Etats du Golfe : un fossé grandissant

ISTANBOUL – Le président Barack Obama arrive en Arabie Saoudite à un moment critique pour le pays. Sa récente décision de rappeler à Washington son ambassadeur au Qatar a mis en lumière la gravité de la crise au sein du Conseil de coopération du golfe (CCG), composé des voisins directs du royaume saoudien. En effet, la région du golfe évolue vers un nouvel équilibre à la suite du rapprochement entre l’Arabie Saoudite et les Emirats arabes unis (EAU) et de la récente tentative d’isolation du Qatar.

Les EAU et le Bahreïn se sont joints à l’Arabie Saoudite dans cette rétrogradation des relations avec le Qatar. Une démarche inhabituelle, en regard de la tradition des états du Golfe consistant à toujours envisager les désaccords politiques comme une affaire familiale qui doit être gérée en toute discrétion. Oman garde ses distances par rapport à cette situation, tandis que le Koweït a tenté de se positionner en modérateur entre l’Arabie Saoudite et le Qatar.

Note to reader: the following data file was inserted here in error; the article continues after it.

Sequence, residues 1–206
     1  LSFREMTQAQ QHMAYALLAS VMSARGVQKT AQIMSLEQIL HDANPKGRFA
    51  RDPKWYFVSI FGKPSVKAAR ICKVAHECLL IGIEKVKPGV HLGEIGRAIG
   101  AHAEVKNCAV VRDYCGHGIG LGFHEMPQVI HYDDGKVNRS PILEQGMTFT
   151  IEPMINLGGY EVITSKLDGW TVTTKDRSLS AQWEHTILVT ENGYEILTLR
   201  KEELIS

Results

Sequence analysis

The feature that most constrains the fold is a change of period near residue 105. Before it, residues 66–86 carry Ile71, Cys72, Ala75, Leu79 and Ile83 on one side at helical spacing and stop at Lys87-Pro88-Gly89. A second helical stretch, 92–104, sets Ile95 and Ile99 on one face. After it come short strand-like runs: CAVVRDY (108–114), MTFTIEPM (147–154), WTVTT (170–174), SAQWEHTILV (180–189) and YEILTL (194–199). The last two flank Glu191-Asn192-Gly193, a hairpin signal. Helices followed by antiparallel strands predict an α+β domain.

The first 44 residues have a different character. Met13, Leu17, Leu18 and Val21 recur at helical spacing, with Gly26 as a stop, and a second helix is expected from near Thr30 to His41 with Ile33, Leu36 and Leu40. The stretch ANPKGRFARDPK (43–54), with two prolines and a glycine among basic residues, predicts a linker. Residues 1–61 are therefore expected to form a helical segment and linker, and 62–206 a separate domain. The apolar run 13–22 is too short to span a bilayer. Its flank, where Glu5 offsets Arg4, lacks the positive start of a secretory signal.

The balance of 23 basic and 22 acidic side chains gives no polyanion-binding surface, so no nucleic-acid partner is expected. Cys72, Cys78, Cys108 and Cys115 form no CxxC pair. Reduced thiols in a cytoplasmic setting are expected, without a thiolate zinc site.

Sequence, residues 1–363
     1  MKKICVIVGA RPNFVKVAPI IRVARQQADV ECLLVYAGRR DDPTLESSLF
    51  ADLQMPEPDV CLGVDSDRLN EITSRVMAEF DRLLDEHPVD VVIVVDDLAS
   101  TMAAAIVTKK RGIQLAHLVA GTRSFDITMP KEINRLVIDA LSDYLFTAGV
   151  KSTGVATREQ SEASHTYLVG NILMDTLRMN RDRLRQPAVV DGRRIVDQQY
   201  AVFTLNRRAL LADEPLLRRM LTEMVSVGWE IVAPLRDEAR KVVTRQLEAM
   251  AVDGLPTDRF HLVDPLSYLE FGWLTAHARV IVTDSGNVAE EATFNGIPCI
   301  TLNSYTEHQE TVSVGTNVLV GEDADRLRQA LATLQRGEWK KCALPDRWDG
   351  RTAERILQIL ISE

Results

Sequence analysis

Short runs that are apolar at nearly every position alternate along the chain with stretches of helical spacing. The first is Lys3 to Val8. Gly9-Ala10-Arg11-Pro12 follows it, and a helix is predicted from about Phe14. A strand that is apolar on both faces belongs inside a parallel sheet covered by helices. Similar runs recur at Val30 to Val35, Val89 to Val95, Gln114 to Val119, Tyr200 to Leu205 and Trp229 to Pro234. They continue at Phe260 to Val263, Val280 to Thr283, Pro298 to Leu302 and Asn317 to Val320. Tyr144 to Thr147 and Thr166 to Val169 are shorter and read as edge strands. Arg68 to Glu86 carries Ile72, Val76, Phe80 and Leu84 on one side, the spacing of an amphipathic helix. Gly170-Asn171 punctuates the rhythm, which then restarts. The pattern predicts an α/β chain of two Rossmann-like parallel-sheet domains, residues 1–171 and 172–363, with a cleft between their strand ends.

Parmi les différents facteurs intervenant dans la décision de l’Arabie Saoudite vis-à-vis du Qatar : l’instauration d’une interdiction faite aux intellectuels saoudiens d’écrire pour des journaux qataris ; le soutien du Qatar aux Frères musulmans (en Egypte et ailleurs); les discours du théologien islamique Yusuf al-Qardawi et la politique de l’information de la chaine Al Jazeera, financée par le Qatar, depuis le Printemps arabe; et le crédit accordé aux rumeurs qui prétendent que le Qatar accueille des institutions occidentales dans l’intention d’orchestrer un coup d’état en Arabie Saoudite.

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